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To learn the pattern of the side lengths of a 45-45-90 triangle, students complete a gallery walk, a card sort activity starting with using the Pythagorean theorem, and activity to locate if there is an error in a presented problem and if so to identify what the error is.
Using Logical Reasoning to Prove Conjectures about Circles
Given conjectures about circles, the student will use deductive reasoning and counterexamples to prove or disprove the conjectures.
Creating Nets for Three-Dimensional Figures
Given nets for three-dimensional figures, the student will apply the formulas for the total and lateral surface area of three-dimensional figures to solve problems using appropriate units of measure.
Generalizing Geometric Properties of Ratios in Similar Figures
Students will investigate patterns to make conjectures about geometric relationships and apply the definition of similarity, in terms of a dilation, to identify similar figures and their proportional sides and congruent corresponding angles.
Determining Area: Sectors of Circles
Students will use proportional reasoning to develop formulas to determine the area of sectors of circles. Students will then solve problems involving the area of sectors of circles.
Making Conjectures About Circles and Segments
Given examples of circles and the lines that intersect them, the student will use explorations and concrete models to formulate and test conjectures about the properties and relationships among the resulting segments.
Determining Area: Regular Polygons and Circles
The student will apply the formula for the area of regular polygons to solve problems.
Making Conjectures About Circles and Angles
Given examples of circles and the lines that intersect them, the student will use explorations and concrete models to formulate and test conjectures about the properties of and relationships among the resulting angles.
Domain and Range: Numerical Representations
Given a function in the form of a table, mapping diagram, and/or set of ordered pairs, the student will identify the domain and range using set notation, interval notation, or a verbal description as appropriate.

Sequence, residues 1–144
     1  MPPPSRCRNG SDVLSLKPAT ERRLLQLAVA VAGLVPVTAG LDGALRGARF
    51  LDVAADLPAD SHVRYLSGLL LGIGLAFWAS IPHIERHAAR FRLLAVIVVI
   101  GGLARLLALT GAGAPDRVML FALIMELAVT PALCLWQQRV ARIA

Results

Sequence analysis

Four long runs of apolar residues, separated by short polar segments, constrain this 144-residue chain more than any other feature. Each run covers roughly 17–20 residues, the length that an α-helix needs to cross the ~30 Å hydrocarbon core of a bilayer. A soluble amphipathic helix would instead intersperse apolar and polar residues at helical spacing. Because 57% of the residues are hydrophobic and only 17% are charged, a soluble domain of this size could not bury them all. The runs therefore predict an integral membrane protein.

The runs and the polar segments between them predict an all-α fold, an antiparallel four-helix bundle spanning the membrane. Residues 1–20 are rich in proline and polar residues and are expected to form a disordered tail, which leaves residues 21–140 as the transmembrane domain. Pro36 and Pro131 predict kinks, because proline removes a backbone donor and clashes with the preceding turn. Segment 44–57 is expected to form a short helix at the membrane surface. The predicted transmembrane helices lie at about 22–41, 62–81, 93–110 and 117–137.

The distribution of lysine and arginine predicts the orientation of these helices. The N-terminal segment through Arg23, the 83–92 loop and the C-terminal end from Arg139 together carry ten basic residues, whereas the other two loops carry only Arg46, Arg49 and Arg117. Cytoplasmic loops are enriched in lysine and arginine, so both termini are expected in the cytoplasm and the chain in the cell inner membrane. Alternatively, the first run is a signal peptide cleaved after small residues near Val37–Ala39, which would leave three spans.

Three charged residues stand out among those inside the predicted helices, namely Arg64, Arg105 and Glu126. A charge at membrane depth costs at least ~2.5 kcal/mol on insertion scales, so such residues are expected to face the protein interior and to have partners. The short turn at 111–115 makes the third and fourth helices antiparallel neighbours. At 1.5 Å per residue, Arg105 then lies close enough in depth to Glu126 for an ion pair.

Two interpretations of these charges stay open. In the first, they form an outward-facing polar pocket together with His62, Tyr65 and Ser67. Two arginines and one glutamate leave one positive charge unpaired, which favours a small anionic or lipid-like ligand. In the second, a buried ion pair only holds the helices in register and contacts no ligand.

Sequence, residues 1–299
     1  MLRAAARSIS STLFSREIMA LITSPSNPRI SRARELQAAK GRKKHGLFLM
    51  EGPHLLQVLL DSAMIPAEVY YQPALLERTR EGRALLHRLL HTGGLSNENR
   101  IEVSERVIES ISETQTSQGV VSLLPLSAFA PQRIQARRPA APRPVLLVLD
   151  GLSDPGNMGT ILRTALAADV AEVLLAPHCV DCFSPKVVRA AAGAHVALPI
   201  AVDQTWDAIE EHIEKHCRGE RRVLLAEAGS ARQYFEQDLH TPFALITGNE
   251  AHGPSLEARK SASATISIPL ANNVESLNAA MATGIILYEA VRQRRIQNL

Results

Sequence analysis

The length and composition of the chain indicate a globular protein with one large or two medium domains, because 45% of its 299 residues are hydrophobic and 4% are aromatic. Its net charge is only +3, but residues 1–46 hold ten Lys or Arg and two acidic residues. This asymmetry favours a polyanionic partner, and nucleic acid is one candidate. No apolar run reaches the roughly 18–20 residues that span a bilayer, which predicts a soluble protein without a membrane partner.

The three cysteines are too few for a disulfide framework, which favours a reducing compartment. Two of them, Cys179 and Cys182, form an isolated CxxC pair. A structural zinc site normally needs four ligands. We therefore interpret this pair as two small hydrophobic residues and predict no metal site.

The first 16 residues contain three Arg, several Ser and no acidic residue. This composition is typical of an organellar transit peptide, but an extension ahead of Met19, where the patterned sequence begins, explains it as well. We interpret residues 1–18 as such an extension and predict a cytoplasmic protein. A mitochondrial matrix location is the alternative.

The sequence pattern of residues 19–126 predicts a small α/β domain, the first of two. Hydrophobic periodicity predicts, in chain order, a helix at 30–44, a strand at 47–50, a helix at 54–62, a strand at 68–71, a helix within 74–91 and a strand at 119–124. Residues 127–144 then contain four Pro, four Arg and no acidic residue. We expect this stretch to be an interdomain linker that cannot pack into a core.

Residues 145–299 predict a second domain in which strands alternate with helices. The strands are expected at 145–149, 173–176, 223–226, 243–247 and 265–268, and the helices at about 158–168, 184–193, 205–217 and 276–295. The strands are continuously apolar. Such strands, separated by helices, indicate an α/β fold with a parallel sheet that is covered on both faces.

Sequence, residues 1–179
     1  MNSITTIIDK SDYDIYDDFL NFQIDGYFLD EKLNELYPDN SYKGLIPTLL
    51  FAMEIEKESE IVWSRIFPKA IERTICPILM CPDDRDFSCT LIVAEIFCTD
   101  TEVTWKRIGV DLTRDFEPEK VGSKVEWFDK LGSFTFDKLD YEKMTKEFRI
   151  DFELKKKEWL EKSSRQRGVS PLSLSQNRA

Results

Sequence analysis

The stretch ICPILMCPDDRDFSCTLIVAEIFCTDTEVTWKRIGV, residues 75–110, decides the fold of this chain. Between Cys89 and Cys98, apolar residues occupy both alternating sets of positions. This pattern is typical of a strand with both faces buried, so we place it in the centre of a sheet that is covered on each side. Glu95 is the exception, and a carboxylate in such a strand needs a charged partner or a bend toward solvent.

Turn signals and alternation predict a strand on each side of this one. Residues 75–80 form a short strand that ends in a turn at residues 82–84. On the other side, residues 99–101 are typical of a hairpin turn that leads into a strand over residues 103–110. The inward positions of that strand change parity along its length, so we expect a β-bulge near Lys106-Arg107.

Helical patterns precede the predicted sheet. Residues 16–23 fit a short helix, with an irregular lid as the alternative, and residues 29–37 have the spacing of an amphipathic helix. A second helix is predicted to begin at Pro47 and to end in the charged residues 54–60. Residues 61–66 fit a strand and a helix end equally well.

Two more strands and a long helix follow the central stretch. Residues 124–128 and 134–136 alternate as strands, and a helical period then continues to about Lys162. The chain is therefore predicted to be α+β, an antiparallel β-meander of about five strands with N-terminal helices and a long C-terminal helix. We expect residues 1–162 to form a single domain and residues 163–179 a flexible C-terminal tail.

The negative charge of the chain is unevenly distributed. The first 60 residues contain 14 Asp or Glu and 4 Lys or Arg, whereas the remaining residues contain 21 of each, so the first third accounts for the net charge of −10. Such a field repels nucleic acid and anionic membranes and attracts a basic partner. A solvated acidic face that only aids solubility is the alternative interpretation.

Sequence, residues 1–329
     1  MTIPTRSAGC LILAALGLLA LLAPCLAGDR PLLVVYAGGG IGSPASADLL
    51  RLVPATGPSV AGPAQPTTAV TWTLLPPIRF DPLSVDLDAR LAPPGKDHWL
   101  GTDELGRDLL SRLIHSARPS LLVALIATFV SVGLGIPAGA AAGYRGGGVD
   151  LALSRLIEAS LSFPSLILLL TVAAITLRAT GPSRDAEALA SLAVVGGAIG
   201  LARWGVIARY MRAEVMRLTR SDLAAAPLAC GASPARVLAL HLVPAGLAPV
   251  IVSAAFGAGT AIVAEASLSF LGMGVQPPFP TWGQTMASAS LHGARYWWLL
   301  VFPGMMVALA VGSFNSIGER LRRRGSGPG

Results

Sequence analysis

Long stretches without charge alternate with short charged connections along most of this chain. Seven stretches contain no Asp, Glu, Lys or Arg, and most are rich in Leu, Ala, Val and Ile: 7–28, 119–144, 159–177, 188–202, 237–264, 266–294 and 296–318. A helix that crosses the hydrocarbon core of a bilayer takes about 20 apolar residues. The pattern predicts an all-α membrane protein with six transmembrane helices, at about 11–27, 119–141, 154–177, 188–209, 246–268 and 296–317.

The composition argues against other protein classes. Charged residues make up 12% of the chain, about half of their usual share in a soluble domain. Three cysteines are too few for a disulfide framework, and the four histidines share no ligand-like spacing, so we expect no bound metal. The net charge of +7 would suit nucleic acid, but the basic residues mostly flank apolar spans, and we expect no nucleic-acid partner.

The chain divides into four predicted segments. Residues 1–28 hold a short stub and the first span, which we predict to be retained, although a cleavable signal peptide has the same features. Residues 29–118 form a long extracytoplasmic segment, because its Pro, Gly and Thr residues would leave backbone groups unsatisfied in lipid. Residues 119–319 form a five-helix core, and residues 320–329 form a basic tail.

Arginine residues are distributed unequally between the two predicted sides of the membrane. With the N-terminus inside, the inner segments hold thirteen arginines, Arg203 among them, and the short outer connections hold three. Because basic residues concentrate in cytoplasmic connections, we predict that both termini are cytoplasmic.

Solving Problems With Similar Figures
Given problem situations involving similar figures, the student will use ratios to solve the problems.
Transformations of Square Root and Rational Functions
Given a square root function or a rational function, the student will determine the effect on the graph when f(x) is replaced by af(x), f(x) + d, f(bx), and f(x - c) for specific positive and negative values.
Transformations of Exponential and Logarithmic Functions
Given an exponential or logarithmic function, the student will describe the effects of parameter changes.
Solving Square Root Equations Using Tables and Graphs
Given a square root equation, the student will solve the equation using tables or graphs - connecting the two methods of solution.
Functions and their Inverses
Given a functional relationship in a variety of representations (table, graph, mapping diagram, equation, or verbal form), the student will determine the inverse of the function.
Rational Functions: Predicting the Effects of Parameter Changes
Given parameter changes for rational functions, students will be able to predict the resulting changes on important attributes of the function, including domain and range and asymptotic behavior.
Domain and Range: Graphs
Given a function in graph form, identify the domain and range using set notation, interval notation, or a verbal description as appropriate.
Domain and Range: Function Notation
Given a function in function notation form, identify the domain and range using set notation, interval notation, or a verbal description as appropriate.
Domain and Range: Verbal Description
The student will be able to identify and determine reasonable values for the domain and range from any given verbal description.
Domain and Range: Contextual Situations
The student will be able to identify and determine reasonable values for the domain and range from any given contextual situation.
Modeling Data with Linear Functions
Given a scatterplot where a linear function is the best fit, the student will interpret the slope and intercepts, determine an equation using two data points, identify the conditions under which the function is valid, and use the linear model to predict data points.